First, theatrical costuming begins with the script. Drawings come later.
Read the script through, put it down for a couple of days to a week, then
pick it up again and read it. Keep reading it until you begin to pick up on
HOW the characters relate to one another--how do they interact, how do they
react, what's their psychology. This plays a part in how they would dress.
Secondary to this, but just as important, is where the play takes
place--what's its setting, time period, time of the year, etc. And look for
clues that the playwright wrote into the script, too. These are things that
are inherently necessary for the action or character's reasonings found in
the storyline. Write down when each character appears in each scene--this
determines whether or not a quick-change will be needed. It also can
determine what an actor will need to wear from one scene to the next. You
can't have an actor be dressed as a ballerina in one scene and in the next
return onstage as an old lady--should that occur in a play.
Drawings and sketches are wonderful, but don't start out with the
nitty-gritty details of collars, sleeves, embellishments, etc. "Thumbnail"
sketches are a good starting point, saving paper, time, and can allow for a
rough idea without making a pretty piece of art that you'd hate to end up
having wasted the time on when the director says to you, "I don't like it,
change it, it doesn't fit the character." Remember, you have to work in
collaboration with the idea the director has for the show. And so too with
the scene and lighting designer. Otherwise, you might have an actress with
blonde hair wearing a yellow dress on a yellow couch in yellowish sunlight.
All the audience would see is a blob of yellow. Ick. And also remember
that the actor must work in the costume. A play set in the Antebellum South
might have huge hoop skirts, but those skirts must be able to go through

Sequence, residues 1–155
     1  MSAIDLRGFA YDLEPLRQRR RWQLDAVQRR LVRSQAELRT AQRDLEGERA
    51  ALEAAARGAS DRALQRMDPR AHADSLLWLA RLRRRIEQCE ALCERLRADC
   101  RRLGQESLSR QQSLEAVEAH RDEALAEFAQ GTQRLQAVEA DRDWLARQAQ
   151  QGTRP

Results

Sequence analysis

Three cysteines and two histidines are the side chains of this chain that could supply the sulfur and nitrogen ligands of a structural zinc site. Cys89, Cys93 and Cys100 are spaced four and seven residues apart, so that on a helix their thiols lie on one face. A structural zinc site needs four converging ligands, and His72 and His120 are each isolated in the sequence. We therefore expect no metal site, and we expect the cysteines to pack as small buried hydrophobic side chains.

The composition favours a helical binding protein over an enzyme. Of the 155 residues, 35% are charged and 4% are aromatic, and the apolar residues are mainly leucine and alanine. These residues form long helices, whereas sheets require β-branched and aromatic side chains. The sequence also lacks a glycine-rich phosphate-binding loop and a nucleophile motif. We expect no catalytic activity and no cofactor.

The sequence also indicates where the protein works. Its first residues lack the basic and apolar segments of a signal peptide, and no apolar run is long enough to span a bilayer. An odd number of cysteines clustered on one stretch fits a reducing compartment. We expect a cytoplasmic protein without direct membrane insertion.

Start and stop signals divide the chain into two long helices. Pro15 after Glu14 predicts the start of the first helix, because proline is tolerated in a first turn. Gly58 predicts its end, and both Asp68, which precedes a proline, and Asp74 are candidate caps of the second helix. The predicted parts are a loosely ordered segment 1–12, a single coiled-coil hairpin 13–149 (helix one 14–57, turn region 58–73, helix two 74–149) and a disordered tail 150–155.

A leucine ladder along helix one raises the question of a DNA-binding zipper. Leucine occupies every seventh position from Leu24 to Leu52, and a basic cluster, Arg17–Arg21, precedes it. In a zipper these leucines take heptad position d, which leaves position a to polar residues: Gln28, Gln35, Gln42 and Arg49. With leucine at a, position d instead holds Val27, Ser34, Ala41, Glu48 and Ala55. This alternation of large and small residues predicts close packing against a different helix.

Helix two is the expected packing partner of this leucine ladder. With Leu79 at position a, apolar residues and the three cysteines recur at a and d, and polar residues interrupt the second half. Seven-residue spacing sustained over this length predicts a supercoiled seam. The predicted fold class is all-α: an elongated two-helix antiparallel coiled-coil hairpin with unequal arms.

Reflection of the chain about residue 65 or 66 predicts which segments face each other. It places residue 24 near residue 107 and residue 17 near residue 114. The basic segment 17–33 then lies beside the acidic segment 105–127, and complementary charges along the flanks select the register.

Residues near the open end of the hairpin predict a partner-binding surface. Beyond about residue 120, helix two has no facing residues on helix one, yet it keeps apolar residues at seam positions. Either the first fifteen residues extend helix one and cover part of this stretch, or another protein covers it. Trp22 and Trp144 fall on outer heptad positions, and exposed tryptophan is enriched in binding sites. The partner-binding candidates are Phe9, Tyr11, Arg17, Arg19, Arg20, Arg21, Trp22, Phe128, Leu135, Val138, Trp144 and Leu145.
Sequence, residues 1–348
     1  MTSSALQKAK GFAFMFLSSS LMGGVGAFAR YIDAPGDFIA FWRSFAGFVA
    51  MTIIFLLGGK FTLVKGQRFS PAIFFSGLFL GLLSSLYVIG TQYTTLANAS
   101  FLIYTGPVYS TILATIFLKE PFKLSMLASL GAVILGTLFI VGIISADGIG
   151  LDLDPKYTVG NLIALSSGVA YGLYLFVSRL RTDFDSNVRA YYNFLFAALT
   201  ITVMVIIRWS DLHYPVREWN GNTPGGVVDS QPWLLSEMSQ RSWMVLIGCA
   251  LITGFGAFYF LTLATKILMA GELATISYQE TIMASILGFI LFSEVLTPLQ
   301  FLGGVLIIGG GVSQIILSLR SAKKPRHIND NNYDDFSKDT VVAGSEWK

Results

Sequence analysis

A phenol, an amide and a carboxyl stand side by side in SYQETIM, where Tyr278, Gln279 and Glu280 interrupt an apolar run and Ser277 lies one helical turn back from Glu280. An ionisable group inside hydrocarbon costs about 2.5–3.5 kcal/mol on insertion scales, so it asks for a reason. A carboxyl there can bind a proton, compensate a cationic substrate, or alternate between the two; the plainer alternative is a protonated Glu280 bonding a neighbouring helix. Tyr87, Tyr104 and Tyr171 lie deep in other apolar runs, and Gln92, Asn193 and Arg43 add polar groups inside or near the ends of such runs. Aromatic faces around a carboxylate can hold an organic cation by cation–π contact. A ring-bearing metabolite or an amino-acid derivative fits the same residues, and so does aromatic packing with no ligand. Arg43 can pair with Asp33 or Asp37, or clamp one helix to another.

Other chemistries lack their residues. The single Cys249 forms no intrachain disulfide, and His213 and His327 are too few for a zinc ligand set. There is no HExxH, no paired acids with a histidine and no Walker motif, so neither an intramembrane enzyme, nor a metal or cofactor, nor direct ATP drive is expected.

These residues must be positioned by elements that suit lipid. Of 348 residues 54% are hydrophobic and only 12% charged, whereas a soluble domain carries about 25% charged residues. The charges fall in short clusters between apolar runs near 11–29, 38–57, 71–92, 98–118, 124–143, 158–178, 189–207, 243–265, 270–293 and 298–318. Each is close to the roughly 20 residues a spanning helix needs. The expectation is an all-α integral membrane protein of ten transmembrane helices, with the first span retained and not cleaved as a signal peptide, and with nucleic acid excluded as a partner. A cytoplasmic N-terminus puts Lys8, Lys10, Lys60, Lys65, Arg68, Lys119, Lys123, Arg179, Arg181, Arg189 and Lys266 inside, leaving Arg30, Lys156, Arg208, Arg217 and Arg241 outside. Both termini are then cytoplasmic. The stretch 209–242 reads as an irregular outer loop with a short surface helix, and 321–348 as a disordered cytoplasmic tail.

doors and sit in chairs and move between furniture. Therefore, you'll need
to come to agreement with the scenic and props designers on dimensions of
set and dimensions of costumes--without losing the silhouette of the
And study your costume history! Many plays out there are set in historical
time periods. I've seen plays done in quasi-period styling, and it was
visually horrible. Not only will it make most plays look amateurish, but
the audience might be left with the feeling that that's how people dressed
back then. Only in something like the musical "Kiss Me Kate" would you make
it a quasi-style, since "Kate" blends 1950's ideals of what the Elizabethan
period was like with what it really was.
You might want to find a copy of Rosemary Ingham's book "The Costume
Designer's Handbook". I found it immensely helpful with the how-to's of
costume designing. And you can't forget the business side of the whole
thing. That's the part I don't like about it. But then, I prefer building
the costumes rather than designing them--most of the time. I love the
research, so maybe I should find a grad school with a dramaturgy major as
well as a good costuming major. ^_^
Hope this helps.
>Subject: [TheCostumersManifesto] designing
>Date: Sat, 12 Jan 2002 19:44:53 EST
>I was just wondering, for my first question probably of many, do any of you
>design costumes? If so, how do you design? you see, so far I've been
>to design in a fashion way - start off with five ideas, choose one then do
>different sleeves, then different collars, different skirts etc. How do
>design costumes though? The method I've been taught genterates like 60,
>80, 100 ideas for one outfit, which is fine for fashion collections but I
>don't think it's the best way for costumes. Any advise would be great!
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